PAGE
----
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FILE - In this Tuesday, Dec. 11, 2018 file photo, House Minority Leader Rep. Nancy Pelosi, D-Calif., Vice President Mike Pence, President Donald Trump, and Senate Minority Leader Chuck Schumer, D-N.Y., argue during a meeting in the Oval Office of the White House in Washington. On Friday, Dec. 14, 2018, The Associated Press has found that stories circulating on the internet that Democrats gave a $150 billion payout from the U.S. treasury to Iran, are untrue. (AP Photo/Evan Vucci)

Ending the government shutdown

The Cambridge English Dictionary defines blackmail as "the act of getting money from people or forcing them to do something by threatening to harm someone unless [they do] as you say."

At odds with one another and the world

Families and trust -- the emotional kind as well as the financial one -- are central to Kathy Wang's first novel, "Family Trust."

FILE - This March 9, 2016, file photo, shows a stop sign in front of the international border fence in Nogales, Ariz. Arizona Gov. Doug Ducey says building a wall isn't the only way to provide security along the U.S.-Mexico border. Ducey made border security a key issue of his 2018 campaign for re-election, and during his first term created the multi-agency Arizona Border Strike Force to focus on border area crime, especially drug smuggling. (AP Photo/Astrid Galvan, File)

Existing border barriers work -- and we need more of them

- The Washington Times

When CNN's Jim Acosta tweeted a selfie video from the U.S.-Mexico border, he was roundly mocked and ridiculed for claiming he saw no "crisis" at the "tranquil" spot where he stood. Of course he didn't. Because where he stood was on the safe side of a steel barrier protecting him (and the rest of America) from illegal border crossings.

The burial of Rep. Steve King

- The Washington Times

Rep. Steve King from Iowa has become a pariah on Capitol Hill, distanced by Democrats and his own party Republicans alike for wondering aloud, during an interview with The New York Times, this question: "White nationalist, white supremacist, Western civilization -- how did that language become offensive? Why did I sit in classes teaching me about the merits of our history and our civilization?"

President Donald Trump and Tony Soprano     The Washington Times

What would Tony Soprano think of Donald Trump?

Tony Soprano is back, in the media if not in prime time. In the year of the Superhero, the anti-hero is old news, but the ghost of the mob boss of "The Sopranos," the end of the '90s blockbuster, is celebrating the 20th anniversary of the premiere. "The Sopranos" was a true cultural and political icon, and Tony has been summoned from the grave to talk about what he would think about Donald Trump as the president.

Illustration on the Democrats' junket to Puerto Rico by Alexander Hunter/The Washington Times

Now playing in Puerto Rico

More than 109 lobbyists and 39 Democratic members of Congress attended a "winter retreat" last weekend in Puerto Rico, ostensibly to help raise funds for damage caused by hurricane Maria in 2017, reports Fox News. The fun in the sun was enhanced by a limited run of the Broadway hit "Hamilton," starring its creator, lead actor, and Democratic partisan, Lin-Manuel Miranda.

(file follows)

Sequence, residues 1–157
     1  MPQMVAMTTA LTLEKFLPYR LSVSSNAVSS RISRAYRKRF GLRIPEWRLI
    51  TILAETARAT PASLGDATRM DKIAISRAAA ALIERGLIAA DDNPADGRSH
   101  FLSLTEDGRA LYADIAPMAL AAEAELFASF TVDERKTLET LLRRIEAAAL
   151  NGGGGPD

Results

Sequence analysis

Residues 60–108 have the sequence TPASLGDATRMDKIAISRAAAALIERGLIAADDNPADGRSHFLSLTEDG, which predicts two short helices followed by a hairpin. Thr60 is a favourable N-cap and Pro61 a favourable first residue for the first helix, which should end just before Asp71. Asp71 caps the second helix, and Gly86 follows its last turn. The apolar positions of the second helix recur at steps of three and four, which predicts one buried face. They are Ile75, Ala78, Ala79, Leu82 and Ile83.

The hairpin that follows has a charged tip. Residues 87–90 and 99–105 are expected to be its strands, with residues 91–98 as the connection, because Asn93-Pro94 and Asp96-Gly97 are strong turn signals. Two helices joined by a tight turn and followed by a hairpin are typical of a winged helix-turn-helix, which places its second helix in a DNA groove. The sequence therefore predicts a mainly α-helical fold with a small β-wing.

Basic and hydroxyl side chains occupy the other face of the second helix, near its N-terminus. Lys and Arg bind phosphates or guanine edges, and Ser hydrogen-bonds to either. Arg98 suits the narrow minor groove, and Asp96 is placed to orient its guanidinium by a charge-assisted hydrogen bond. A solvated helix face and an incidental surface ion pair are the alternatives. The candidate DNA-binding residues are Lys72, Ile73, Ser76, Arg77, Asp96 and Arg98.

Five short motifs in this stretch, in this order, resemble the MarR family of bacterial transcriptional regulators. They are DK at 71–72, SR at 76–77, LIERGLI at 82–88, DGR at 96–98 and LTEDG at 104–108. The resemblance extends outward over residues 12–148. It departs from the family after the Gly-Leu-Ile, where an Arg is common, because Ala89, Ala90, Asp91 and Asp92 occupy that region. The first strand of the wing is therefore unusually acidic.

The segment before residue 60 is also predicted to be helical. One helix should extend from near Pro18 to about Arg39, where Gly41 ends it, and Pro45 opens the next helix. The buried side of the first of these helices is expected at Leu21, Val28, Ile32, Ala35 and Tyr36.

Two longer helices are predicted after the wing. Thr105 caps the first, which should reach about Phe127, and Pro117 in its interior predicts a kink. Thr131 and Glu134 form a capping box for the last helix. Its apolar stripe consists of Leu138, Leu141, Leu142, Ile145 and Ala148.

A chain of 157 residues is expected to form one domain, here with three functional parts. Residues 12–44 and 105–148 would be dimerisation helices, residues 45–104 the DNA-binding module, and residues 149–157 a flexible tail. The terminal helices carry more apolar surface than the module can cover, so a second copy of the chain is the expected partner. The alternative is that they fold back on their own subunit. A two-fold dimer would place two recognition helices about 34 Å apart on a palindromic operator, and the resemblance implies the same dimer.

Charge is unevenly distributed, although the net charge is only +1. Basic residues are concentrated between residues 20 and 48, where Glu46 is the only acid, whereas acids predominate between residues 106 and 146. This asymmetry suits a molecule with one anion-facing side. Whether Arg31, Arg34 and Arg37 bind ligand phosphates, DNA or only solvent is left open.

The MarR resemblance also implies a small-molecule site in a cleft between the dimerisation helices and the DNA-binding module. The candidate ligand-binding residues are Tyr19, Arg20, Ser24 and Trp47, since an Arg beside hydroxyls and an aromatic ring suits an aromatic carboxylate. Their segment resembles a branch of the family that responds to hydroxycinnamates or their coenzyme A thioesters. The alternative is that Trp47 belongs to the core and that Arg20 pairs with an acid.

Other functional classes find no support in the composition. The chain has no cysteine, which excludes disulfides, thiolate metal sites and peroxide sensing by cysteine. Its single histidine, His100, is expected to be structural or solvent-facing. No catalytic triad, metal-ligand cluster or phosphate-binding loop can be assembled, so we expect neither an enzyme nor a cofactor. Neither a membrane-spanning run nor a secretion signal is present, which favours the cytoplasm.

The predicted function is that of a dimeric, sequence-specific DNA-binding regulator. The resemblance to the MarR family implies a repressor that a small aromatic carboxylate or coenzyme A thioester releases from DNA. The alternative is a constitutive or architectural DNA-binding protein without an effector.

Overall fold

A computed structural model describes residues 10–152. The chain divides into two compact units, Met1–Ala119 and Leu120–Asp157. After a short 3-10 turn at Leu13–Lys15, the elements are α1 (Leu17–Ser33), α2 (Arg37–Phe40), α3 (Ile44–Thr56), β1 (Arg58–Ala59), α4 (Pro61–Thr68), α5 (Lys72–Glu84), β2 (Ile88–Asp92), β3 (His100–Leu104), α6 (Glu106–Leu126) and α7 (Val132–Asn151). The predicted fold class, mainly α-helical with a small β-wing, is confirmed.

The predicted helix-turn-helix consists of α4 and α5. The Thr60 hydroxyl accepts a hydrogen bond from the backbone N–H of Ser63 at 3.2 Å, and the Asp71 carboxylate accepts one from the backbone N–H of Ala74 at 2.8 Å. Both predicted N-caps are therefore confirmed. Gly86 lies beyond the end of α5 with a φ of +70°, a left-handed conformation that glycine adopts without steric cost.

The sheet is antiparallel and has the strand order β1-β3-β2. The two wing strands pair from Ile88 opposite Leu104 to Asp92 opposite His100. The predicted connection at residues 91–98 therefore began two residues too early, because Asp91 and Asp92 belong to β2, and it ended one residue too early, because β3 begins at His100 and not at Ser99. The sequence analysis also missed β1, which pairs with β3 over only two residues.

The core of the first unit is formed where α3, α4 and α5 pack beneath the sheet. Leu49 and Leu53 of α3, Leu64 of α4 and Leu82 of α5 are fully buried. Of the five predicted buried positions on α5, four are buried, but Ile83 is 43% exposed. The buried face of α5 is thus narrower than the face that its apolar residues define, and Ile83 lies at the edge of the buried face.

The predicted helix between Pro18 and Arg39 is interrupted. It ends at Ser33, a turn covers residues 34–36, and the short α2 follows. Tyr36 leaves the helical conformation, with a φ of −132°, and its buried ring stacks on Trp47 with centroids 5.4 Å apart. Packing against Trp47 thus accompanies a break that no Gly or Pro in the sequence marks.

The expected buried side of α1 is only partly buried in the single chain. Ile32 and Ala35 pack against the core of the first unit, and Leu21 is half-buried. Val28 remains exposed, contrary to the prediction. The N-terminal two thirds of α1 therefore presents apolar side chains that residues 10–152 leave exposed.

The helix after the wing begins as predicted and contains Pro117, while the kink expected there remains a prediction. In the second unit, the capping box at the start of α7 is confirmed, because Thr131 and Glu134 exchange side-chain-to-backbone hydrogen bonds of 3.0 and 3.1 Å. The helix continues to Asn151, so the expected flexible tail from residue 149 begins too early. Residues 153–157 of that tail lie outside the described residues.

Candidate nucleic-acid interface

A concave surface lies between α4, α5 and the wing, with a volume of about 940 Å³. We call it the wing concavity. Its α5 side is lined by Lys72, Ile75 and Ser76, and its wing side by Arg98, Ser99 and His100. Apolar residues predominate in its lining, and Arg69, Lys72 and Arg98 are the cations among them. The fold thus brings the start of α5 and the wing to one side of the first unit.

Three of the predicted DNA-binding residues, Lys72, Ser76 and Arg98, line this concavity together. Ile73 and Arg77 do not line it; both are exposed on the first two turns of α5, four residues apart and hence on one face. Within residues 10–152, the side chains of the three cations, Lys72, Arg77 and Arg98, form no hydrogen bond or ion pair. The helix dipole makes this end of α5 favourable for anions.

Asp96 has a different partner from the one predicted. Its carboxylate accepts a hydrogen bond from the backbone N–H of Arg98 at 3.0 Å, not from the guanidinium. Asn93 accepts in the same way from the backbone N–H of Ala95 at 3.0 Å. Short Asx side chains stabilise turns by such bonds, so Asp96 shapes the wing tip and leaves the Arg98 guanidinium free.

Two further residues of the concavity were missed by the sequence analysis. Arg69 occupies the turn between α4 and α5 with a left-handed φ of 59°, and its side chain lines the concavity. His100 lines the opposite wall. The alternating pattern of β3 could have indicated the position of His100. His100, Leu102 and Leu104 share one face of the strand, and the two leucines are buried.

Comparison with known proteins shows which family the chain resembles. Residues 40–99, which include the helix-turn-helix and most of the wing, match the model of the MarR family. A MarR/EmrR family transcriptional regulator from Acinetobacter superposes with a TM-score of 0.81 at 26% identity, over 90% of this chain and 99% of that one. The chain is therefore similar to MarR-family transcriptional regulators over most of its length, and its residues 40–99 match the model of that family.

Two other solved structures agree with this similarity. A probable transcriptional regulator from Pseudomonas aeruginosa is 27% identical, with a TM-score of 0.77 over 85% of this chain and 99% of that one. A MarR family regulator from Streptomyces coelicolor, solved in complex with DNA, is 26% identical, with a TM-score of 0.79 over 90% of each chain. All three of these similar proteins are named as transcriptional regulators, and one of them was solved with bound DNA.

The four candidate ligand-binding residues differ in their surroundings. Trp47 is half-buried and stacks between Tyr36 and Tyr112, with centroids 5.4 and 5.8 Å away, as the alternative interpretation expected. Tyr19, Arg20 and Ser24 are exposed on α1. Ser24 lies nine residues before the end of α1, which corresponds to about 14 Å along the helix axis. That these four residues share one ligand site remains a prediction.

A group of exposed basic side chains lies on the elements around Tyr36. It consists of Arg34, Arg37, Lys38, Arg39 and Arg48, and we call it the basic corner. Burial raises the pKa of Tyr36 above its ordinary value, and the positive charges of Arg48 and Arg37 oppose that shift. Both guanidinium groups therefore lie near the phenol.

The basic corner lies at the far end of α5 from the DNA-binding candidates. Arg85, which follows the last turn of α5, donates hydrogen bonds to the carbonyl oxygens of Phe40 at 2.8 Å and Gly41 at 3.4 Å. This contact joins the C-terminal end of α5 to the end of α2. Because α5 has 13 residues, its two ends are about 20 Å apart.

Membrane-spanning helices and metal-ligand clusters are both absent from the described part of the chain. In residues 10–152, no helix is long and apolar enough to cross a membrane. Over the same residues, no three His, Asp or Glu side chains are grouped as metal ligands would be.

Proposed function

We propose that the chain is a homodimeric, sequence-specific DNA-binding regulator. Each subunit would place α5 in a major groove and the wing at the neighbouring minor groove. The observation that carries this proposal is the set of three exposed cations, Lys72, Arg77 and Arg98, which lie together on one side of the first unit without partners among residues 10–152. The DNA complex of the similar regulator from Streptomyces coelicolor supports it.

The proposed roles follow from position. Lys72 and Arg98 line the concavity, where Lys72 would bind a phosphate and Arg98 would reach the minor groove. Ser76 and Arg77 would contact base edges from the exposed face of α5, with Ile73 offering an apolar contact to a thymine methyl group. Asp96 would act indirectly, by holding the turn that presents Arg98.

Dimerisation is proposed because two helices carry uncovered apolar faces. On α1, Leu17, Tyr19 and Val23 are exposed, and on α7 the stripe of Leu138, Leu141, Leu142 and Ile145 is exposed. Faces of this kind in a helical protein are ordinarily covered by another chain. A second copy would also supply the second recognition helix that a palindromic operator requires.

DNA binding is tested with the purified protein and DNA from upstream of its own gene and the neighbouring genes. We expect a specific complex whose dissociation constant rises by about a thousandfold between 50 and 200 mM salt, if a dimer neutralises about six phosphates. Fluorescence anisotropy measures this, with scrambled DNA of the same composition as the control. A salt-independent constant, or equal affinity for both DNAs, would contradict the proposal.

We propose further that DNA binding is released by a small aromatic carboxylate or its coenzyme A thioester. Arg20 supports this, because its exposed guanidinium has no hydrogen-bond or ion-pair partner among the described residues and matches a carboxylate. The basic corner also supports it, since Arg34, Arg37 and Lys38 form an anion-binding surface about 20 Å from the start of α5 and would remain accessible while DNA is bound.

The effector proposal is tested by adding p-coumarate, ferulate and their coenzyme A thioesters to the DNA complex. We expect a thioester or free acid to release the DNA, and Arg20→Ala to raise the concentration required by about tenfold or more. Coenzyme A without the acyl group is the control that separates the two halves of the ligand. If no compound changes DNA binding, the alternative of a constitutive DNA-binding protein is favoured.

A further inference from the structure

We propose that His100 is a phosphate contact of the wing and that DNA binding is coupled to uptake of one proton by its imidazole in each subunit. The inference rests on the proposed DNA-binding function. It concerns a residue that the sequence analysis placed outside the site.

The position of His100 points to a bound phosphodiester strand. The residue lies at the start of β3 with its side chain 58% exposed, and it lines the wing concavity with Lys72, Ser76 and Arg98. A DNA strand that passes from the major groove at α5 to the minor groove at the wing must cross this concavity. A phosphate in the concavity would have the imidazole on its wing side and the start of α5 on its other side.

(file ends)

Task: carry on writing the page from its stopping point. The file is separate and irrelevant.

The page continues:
Illustration on saving Nigeria's christians by Linas Garsys/The Washington Times

Saving Nigeria's Christians

Last month, Amnesty International released a new report that outlined the costs of a dangerous and often deadly cycle of violence occurring in Nigeria's Middle Belt region between Christian farmers and Muslim herders — 3,600 people have been killed in the past 3 years, with 2018 being the worst year on record so far.

Illustration on the FBI and investigating the President by Alexander Hunter/The Washington Times

Can the FBI investigate the president?

Last weekend, The New York Times reported that senior FBI officials were so concerned about whatever President Donald Trump's true motivation for firing FBI Director James Comey was that they immediately initiated a counterintelligence investigation of the president himself.

U.S. President Donald Trump speaks during a press conference after a summit of heads of state and government at NATO headquarters in Brussels, Belgium, Thursday, July 12, 2018. NATO leaders gather in Brussels for a two-day summit. (AP Photo/Geert Vanden Wijngaert)

Going down the rabbit hole

The national security talking head and op-ed circuit these days is full of "clucking" about how we can recover lost ground from the Russians and Chinese in the post-Cold War competition of world powers. Not surprisingly perhaps, there is little discussion of how we got ourselves into this mess — this because many of the op-ed authors and talking heads were complicit in our great power demise.

Soft Landing for the Federal Reserve Illustration by Greg Groesch/The Washington Times

Engineering a soft landing for the economy

Federal Reserve Chairman Powell faces the tough challenge of engineering a soft landing for the economy. The task is made terribly more complicated by economic conditions abroad and new technologies that have broken traditional relationships among growth, employment, inflation and interest rates.